Forty years after the groundbreaking progressive rock classic Thick as a Brick, Ian Anderson of Jethro Tull brings us Thick as A Brick 2: Whatever Happened to Gerald Bostock? Is he Too Old to Rock n’ Roll? Hardly. This album is all the proof you need.
The new record brings us up to speed with Gerald Bostock, the eight-year old child prodigy who wrote the lyrics to the original album. Fans will remember the scandal that rocked the St. Cleve Chronicle: Gerald lied about his age and was actually ten when he wrote it. Even the old newspaper has been updated here, complete with tales of missing dogs and pie recipes.
What’s Gerald been doing all these years? Did he become a banker or soldier? Vagrant? Preacher or soldier? It turns out he was all these things and quite a bit more. Anderson brings into focus all the possible paths Bostock might have taken through four decades—all the paths any life could take. What could have been a gimmicky follow-up or cash-in by a lesser artist is in Anderson’s hands a companion that stands up well against the original. He’s written a record that does justice to Tull’s vast catalog.
Thick as a Brick 2 runs in a similar vein to the original album–which famously had one long track. This time Anderson has helpfully included titles to the various sections of the record, including a hilarious segment in which Gerald becomes a preacher who tasks his flock to ‘Give ‘Til it Hurts,’ singing, “Together we can fleece our willing congregation.” Fun moments like these are tempered by the overall serious feel of the album; Gerald the homeless man is rather less amusing. After suffering sexual abuse from a headmaster, Gerald informs his unsympathetic parents, who promptly disown him. When Anderson sings: “Parents listened, didn’t get it. Poof and Jesse, daddy said,” it’s one of the more somber moments he’s recorded. Gerald wanders alone through Camden Market, reminding one a bit of that other homeless vagrant, Aqualung.
An angry interlude comes in the form of Gerald the banker, a coked-up crook. “Banker Bets, Banker Wins” is an immediate standout on an album filled with great songs, a bruising, riff-heavy number with the signature Tull sound. Anderson sings: “Banker bets, cheque’s in the post: not worth the ink it’s written in.” CNBC even weighed in on the song, seemingly bemused that an old rock star would have the nerve to attack the industry. So you know he’s doing something right.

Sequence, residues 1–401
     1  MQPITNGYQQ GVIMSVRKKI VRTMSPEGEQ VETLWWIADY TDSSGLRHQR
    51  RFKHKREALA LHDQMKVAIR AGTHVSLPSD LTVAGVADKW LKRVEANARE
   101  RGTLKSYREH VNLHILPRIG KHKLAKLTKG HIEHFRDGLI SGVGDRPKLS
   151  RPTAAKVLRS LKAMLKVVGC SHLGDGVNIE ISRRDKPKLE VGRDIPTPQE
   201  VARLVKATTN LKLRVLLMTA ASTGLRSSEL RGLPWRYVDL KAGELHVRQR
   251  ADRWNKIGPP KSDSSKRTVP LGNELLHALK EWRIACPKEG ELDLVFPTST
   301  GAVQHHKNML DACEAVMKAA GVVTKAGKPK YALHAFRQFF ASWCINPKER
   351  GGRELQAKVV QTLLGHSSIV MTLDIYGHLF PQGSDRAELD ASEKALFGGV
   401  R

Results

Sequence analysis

There are musical themes to savor in this dense song-cycle, recurring riffs and melodies that weave through the songs. The familiar motif from the original pops up now and again, like an old friend reminding us of some forgotten weekend from younger days. Like much of the band’s best work, there is a mix of rock and folk, heavy electric riffs along with baroque pieces that wouldn’t be out of place on a late 70s Tull album. The overall feel is quite a bit more somber than the original Thick as a Brick, which was a satire of progressive rock pretension. Here Anderson is looking at possible paths through life, some far darker than others. Gerald the ordinary man might be the most believable: “No grand, fanciful fantasies but level-headed middle ground…same old words, another day, all the while life slips away.” Like Prufrock, this Gerald measures out his life in coffee-spoons. It’s a wistful and sad moment, but Anderson doesn’t veer into sentimentality. Would Gerald be better off a soldier or banker? The everyman hero? It’s a worthy question, and one Anderson takes seriously.
The one down side of this album is that it’s missing Martin Barre, the gifted guitarist who did so much of Tull’s best work. Florian Ophale is great in his own right, but longtime listeners will miss Barre’s unmistakable sound. The album also features bassist David Goodier and multi-instrumentalist John O’Hara from the current Tull lineup, and percussionist Scott Hammond. Anderson has played with a vast number of musicians over the years, and this group does an admirable job with the Tull sound. In the end, Jethro Tull was always Anderson’s band, and this album may not be perfect, but it’s a fine return to form.
(Chrysalis Records, 2012)